Ex Cops
True Hallucinations



by IrrationalAnimal USER (9 Reviews)
February 6th, 2013 | 0 replies

Release Date: 2013 | Tracklist

Review Summary: An amazing pop album disguised as a great indie rock record.

Sometimes, it’s nice to hear exactly what you want. It’s why beautiful women call themselves ugly – it’s nice to, every once and a while, hear someone acknowledge or compliment what you’re proud of. Pop artists spend their careers making music that people want to hear, but that focus often hampers artistic merit or innovation. On the other hand, many experimental, ambitious musicians spend their careers running a gamut of hit-and-miss ideas that can be easier to appreciate than to enjoy. Both sides of the coin can be endlessly frustrating. That’s where True Hallucinations comes in.

Ex Cops are a male-female duo who manage, on their debut album nonetheless, to get the best of both worlds. The album starts off with a rather strange thumping intro with a simple epic drum machine beat, ah-ing vocals, and a straightforward but still powerful guitar line. After the intro, it’s one pop tune after another, a cascade of friendly choruses and interesting verses spared cringe worthy lyrics and overproduction. The production and songwriting run the gamut chugging Velvet Underground fuzz to Girls guitar jangle-pop to R.E.M. wandering guitar lines. Track after track new ideas are reeled off and ended before any one song has the chance to become boring. Every indie rock trick of the trade is used on this album to great effect, and not a second of True Hallucinations’ brief thirty-minute running time is spent badly. Even more impressive, the wide range of styles and structures Ex Cops uses results in 11 completely unique tracks. Songs simply do not blur or get mixed up on this album.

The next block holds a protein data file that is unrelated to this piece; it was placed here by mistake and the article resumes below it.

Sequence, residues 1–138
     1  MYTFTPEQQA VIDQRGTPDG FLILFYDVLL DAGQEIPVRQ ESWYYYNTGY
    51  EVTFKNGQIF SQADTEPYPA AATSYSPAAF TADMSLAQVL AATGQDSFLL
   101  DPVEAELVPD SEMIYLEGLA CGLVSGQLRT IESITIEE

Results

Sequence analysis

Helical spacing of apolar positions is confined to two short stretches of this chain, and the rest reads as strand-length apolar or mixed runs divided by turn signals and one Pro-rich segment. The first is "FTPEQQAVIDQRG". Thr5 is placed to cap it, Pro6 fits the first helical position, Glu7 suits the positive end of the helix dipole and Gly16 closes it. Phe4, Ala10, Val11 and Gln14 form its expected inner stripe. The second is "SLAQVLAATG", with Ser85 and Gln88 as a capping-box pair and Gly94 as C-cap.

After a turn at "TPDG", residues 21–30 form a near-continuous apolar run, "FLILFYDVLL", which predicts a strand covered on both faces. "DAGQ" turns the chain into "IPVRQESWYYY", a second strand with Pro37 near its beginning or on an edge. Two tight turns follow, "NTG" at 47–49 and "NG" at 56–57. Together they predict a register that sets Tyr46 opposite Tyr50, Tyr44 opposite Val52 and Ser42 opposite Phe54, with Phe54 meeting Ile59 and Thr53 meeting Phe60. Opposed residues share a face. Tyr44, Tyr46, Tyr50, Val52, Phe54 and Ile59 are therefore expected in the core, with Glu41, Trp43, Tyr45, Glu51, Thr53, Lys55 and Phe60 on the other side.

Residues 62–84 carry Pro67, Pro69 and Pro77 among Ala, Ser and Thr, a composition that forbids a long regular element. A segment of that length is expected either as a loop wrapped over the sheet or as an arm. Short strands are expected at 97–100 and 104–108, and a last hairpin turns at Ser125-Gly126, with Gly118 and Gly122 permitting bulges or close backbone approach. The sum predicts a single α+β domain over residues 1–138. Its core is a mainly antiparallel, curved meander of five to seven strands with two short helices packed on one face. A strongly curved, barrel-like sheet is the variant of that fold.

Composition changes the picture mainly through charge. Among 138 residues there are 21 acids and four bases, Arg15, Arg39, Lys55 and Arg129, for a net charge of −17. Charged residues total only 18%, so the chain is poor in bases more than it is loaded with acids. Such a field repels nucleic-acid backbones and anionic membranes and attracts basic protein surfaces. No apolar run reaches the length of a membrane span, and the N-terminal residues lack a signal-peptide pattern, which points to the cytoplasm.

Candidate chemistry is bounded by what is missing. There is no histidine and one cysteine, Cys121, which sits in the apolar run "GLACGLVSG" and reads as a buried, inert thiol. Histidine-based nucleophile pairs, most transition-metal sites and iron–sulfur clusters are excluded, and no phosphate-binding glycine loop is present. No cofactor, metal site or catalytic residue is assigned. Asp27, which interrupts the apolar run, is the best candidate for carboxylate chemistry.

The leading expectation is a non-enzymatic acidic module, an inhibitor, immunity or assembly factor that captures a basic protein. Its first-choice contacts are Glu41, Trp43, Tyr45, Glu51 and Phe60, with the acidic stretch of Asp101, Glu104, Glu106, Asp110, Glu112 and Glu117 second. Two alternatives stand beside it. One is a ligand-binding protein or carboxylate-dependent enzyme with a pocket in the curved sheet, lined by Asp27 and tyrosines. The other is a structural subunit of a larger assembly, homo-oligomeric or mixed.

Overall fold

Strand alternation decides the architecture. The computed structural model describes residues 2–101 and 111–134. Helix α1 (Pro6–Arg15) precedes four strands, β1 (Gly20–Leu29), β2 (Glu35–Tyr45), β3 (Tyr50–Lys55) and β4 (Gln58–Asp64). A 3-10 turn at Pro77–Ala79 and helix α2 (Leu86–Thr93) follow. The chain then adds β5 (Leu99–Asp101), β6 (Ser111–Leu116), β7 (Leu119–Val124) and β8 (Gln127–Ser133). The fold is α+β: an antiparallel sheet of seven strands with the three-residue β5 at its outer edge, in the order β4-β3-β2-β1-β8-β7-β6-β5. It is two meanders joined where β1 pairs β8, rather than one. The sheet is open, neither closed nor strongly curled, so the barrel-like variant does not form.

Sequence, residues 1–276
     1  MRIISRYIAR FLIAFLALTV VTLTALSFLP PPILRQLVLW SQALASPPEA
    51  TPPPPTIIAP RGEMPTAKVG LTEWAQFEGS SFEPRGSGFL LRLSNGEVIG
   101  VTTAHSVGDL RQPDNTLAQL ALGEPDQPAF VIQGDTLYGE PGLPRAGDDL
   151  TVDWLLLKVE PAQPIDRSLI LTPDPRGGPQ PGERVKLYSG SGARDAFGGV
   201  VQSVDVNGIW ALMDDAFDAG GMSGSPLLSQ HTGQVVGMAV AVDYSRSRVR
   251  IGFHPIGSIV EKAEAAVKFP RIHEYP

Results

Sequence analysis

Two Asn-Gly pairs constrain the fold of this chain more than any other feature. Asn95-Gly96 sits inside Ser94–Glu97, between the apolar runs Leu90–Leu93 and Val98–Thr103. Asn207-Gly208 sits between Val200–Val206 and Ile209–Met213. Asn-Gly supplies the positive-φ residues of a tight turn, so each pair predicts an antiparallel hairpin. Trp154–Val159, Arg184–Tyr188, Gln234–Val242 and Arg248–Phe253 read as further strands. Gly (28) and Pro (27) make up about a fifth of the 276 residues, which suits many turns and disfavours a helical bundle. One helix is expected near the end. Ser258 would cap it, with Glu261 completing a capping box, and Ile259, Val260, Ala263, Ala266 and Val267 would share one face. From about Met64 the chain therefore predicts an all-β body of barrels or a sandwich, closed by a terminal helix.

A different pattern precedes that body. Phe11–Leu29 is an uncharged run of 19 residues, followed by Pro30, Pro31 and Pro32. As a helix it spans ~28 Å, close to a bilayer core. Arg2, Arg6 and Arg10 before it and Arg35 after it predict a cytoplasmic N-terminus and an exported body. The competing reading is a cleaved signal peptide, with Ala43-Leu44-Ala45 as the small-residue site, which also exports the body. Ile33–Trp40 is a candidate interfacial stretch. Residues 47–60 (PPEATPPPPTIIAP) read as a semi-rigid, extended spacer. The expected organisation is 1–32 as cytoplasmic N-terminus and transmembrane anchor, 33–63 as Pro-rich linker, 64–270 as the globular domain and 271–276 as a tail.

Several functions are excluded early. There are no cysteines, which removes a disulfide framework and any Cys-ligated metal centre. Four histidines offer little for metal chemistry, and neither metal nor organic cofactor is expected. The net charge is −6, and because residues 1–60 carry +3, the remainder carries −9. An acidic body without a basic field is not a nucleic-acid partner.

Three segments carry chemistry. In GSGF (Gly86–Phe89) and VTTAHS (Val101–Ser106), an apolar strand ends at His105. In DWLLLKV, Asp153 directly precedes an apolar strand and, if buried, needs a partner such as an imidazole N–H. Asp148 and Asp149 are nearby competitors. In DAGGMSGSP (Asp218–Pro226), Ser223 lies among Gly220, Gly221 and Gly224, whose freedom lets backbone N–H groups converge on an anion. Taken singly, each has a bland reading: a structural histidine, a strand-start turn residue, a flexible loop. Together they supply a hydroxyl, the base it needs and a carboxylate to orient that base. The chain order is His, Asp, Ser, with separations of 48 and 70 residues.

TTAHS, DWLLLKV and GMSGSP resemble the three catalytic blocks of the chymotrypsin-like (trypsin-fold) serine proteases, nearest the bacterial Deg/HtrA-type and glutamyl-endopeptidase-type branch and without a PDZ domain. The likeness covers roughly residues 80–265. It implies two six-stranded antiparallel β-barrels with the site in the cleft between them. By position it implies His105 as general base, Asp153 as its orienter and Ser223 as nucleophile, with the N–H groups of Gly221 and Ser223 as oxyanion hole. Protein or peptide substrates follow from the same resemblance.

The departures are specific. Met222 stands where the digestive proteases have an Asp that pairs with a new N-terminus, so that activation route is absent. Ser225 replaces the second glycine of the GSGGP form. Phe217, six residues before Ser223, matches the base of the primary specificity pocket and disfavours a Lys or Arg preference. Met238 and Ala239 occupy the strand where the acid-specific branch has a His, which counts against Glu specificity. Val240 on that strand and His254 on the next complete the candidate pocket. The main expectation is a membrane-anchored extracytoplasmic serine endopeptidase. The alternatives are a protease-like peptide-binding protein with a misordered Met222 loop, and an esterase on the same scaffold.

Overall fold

Is True Hallucinations derivative? Maybe. Nothing here sounds shocking or original; there simply is no groundbreaking songwriting and the surprise factor is gone after the album’s intro. But for the average indie-rock fan, there’s a treasure trove of songs here, whether in the Cults-esque major chord chatter that ends “Separator,” the beautiful chillwave-balladry of The Millionaire, or the downright infectious and optimistic chorus of Billy Pressley.

The truth is, True Hallucinations is catchy, varied, and consistent in its quality. So treat yourself and listen to a record that gives that indie-pop loving part of your brain exactly what it wants.

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